Kitted out Patents: Limits on the Patentability of "Kits" in Australia

Laurynas Mereckas - Unsplash

As claims for kits are allowable in Europe and the USA, kit claims are often featured in pharmaceutical and biotechnology patent applications filed in these jurisdictions.

However, in Australia, kit claims draw closer scrutiny and can encounter difficulties if the kit comprises a combination of known components or ingredients.  Such inventions can be found to be a patent ineligible collocation.

When filing a patent application in Australia that has kit claims, amendment of the claims is often necessary. However, as we outline below, the amendments necessary are usually relatively minor and do not substantially alter the scope of the patent.

What are some examples of kits?

The objective of kit claims is to cover the combined offering of two or more discrete components in a kit that the end user assembles or uses together, either simultaneously or in sequence, for a specific purpose, or to achieve a specific result.

Claims for kits are sometimes adopted in pharmaceutical and biotechnology patents, such as for combination therapy inventions that use more than one medication to treat a single disease. Another example would be a test kit containing different reagents that are to be used in a certain sequence to test a sample.

Patentability of kits in Australia

When considering the patentability of kits in the Australian context, it is instructive to look at whether the components of the kit are defined in such a way that requires a working interrelationship if assembled or used.  Where the individual integers, even if they themselves are known, are defined so as to be capable of only one use, which is to form a new product or achieve a new result, then a working interrelationship exists.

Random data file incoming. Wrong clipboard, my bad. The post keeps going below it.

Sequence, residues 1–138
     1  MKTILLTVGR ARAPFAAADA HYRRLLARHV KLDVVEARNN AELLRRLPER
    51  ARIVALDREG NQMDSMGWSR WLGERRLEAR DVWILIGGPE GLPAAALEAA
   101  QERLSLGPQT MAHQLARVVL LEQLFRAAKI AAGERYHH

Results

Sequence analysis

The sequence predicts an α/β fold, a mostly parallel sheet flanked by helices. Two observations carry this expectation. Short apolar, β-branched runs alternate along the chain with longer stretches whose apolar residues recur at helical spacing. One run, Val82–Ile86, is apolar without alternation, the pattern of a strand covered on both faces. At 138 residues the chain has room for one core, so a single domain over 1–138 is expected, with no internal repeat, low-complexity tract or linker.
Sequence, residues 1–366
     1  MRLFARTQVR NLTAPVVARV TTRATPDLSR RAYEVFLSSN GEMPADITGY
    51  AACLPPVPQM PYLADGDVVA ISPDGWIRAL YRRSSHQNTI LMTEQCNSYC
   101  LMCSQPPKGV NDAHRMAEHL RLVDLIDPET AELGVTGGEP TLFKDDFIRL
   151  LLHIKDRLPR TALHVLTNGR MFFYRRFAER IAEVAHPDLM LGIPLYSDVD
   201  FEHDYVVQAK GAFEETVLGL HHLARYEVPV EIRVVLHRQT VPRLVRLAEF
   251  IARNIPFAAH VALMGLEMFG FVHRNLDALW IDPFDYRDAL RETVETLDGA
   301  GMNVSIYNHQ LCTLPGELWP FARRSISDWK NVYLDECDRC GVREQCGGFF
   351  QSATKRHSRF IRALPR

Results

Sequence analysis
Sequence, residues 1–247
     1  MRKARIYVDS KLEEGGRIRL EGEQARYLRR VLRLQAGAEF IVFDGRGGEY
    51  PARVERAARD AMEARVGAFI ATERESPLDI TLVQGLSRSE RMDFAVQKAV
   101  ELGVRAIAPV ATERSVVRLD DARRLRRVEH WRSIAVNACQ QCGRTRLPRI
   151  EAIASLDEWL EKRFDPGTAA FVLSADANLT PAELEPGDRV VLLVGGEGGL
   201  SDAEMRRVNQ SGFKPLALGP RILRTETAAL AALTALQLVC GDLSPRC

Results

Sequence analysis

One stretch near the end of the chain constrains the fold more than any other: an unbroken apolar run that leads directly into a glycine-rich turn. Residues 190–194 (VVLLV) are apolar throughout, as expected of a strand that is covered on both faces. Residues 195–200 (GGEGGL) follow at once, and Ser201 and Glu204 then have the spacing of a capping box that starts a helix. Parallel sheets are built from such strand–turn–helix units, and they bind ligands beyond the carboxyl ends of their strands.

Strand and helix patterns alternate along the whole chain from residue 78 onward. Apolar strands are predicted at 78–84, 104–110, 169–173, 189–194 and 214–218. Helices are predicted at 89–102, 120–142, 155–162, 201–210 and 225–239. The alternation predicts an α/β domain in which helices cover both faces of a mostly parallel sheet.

In National Research Development Corporation's Application (1988) AIPC 90-495, the invention under consideration was a kit for use in a luminescent or luminometric assay comprising three components in separate containers.  

The hearing officer stated that:

"It seems to me that the inventive concept of the present invention is the enhanced luminescent or luminometric assay which is, for example, defined in claim 1… I consider that the present claim 9 does not contain limitations which ensure that the components are used in the enhanced luminescent or luminometric assay… In my view, claim 9 defines a collection of chemicals which have been assembled in separate containers and which may be used in the luminescent or luminometric assay described in the prior art or the enhanced assay defined in claim 1. Therefore I think that the components of the kit defined in claim 9 are not limited to the present inventive concept. Consequently I consider that claim 9 does not define an aggregation of integers which have a potential working interrelationship, i.e. any more than any collection of chemical reagents.”

In Re Schering Aktiengesellschaft (1990) AIPC 90–649, a hearing officer considered claims to a kit comprising a separate dosage unit packaged in a known type of blister pack.  The items of the kit could be used according to the inventive method.  However, as the claimed kit did not preclude the items being used in a different way, the claimed kit was found to be an unpatentable collocation.

Practical solutions for validly claiming kits

To be patentable in Australia, if the components of a claimed kit are known, a potential working interrelationship must exist and there must be another feature, such as a package, that only permits use of the components in a novel way or to achieve a novel outcome.  

Otherwise, a claimed kit may be patentable where one of the components is novel, or by re-expressing the kit as a method, such as with the inclusion of words of limitation to a method, e.g. "when used" or "whenever used".  

The allowability of method of treatment claims in Australia means that for pharmaceutical and biotechnology inventions, including new method of treatment claims is an approach that is often adopted to enhance the scope of the claims.

For any queries about patentability issues in relation to kits in Australia then contact Daniel McKinley.

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